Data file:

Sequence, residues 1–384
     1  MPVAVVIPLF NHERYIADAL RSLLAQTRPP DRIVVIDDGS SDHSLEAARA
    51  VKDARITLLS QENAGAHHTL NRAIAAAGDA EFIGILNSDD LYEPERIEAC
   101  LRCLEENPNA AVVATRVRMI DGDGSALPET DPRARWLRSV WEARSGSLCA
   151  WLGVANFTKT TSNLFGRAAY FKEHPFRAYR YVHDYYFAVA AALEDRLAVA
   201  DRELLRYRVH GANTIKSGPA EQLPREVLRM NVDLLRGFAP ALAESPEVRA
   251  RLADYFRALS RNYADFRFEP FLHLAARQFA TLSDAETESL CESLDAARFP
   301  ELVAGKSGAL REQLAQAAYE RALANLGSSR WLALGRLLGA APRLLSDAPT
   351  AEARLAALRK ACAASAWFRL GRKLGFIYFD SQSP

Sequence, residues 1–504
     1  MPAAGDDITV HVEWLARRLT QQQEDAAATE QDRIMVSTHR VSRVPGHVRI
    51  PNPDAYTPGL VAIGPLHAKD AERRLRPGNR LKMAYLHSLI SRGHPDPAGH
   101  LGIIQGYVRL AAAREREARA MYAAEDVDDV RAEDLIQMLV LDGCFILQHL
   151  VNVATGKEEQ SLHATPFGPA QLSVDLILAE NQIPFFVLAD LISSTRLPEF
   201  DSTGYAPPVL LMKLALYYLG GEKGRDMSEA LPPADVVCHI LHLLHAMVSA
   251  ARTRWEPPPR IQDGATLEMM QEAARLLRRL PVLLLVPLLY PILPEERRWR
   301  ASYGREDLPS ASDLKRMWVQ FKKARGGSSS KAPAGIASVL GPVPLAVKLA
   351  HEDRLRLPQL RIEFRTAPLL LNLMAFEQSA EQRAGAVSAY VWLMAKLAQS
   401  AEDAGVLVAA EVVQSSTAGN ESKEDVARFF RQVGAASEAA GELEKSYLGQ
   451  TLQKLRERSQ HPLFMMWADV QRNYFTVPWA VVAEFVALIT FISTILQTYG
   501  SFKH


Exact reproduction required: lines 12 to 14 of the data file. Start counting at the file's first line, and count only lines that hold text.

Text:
    51  PNPDAYTPGL VAIGPLHAKD AERRLRPGNR LKMAYLHSLI SRGHPDPAGH
   101  LGIIQGYVRL AAAREREARA MYAAEDVDDV RAEDLIQMLV LDGCFILQHL
   151  VNVATGKEEQ SLHATPFGPA QLSVDLILAE NQIPFFVLAD LISSTRLPEF